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Music mixing tips 

Mixing is where it all comes together whether you are a band or electronic musician - it is an important stage. As a band, you might mix during a separate session with some other band members or as an electronic musician you may well mix as you produce a track. In any event, some useful tips follow for getting an improved mix down.

1)Try and install, at the least some, minimal acoustic treatments. They will assist every mix you do and help you get better results. Side wall absorbers, a ceiling cloud and a few broadband bass traps will help neutralize your room acoustics. It need not be costly if you can do a little DIY.

2)Wherever possible, try to get your loudspeakers as far from the room corners as is possible to do so. This reduces bass tip up. (This is an artificial increase in bass loudness) It is especially prevalent with speakers with bass reflex ports on their back panel.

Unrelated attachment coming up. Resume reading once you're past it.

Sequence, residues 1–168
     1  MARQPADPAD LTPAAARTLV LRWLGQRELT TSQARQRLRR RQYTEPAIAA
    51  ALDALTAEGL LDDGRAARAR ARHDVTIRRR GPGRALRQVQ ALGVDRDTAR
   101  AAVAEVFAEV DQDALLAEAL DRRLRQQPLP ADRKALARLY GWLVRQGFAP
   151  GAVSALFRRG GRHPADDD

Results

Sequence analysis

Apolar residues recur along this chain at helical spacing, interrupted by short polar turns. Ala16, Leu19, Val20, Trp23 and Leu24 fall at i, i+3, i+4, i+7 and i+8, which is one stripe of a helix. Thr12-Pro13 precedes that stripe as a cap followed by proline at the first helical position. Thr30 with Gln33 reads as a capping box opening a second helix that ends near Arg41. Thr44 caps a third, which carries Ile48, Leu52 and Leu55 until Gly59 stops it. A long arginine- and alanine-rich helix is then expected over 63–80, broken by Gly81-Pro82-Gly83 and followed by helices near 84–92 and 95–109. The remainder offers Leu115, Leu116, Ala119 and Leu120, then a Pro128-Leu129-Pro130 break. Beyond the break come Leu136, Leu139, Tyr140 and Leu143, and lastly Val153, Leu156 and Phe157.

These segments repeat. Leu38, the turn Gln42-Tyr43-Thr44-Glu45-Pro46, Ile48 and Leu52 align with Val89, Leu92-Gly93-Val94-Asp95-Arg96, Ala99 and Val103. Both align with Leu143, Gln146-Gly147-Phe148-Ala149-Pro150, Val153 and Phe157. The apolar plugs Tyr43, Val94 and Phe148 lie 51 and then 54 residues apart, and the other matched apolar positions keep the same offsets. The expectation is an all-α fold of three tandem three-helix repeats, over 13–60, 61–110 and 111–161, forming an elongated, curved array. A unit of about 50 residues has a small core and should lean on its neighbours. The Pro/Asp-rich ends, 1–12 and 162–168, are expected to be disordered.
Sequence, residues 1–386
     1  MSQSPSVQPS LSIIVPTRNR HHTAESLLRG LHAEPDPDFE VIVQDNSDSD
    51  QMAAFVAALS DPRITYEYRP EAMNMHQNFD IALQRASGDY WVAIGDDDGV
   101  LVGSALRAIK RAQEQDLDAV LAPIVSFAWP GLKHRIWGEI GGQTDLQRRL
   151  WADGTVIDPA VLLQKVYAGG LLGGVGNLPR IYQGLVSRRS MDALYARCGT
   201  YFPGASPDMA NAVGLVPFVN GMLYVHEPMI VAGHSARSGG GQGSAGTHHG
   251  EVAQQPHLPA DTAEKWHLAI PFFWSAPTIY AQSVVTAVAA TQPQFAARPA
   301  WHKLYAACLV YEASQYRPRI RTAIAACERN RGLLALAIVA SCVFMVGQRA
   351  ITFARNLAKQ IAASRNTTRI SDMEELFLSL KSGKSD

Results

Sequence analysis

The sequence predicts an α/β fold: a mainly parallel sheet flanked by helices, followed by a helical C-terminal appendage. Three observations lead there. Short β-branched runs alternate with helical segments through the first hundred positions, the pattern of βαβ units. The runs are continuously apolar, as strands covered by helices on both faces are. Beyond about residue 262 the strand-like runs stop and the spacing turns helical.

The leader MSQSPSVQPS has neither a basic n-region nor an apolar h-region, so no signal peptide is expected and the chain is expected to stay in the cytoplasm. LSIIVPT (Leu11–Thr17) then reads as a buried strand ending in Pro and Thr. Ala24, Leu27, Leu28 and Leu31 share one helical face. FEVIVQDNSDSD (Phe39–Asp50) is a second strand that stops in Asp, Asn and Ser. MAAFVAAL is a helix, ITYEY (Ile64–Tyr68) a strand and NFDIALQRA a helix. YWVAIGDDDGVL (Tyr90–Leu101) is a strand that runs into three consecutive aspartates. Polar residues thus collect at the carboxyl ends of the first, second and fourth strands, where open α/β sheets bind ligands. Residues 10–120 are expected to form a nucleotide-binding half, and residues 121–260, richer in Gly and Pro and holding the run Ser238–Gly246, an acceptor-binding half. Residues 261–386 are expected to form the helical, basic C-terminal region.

3)Isolate your speakers from whatever they are resting on. Use an acoustic tile to reduce vibrations and resonances transmitting into supports (desks/stands etc.) This will clear up the stereo image a little and improve clarity.

4)Tweak your mix and re-listen (read: finish) the following morning, try not to finalize mix downs late at night when you are most tired and least alert.

5)By all means, import a well mixed track into your DAW and compare and contrast with your own mix. Try and identify what can and cannot be improved in your track against the professionally mixed reference. As the track will have been mastered level, match the imported reference by bringing down the level so your mix and the track appear at the same volumes. This is a great way to judge bass levels when working on a monitoring system that is not familiar or completely accurate.

6)Back up your mix files frequently. Purchase a low cost USB 2.0 hard drive and simply drag and drop the audio files and mix session files at the end of each day. Hard drives break - it’s a matter of when not if so make this a regular habit.

7)Try bouncing your mix out and listen on other systems, car hi fi, small stereo and make a few notes. Then come back and consider any tweaks and double check them on your main studio speakers.

8)Try checking your mix down in mono fairly frequently. Ensure that bass levels remains the same and kick drum and snare remain punchy and up front. This will help make the mix sound bigger on compromised play back systems and of course those that are themselves mono. You can usually do this by panning both panners on the stereo bus centrally if you do not have a mono button on your monitor controller or software output bus.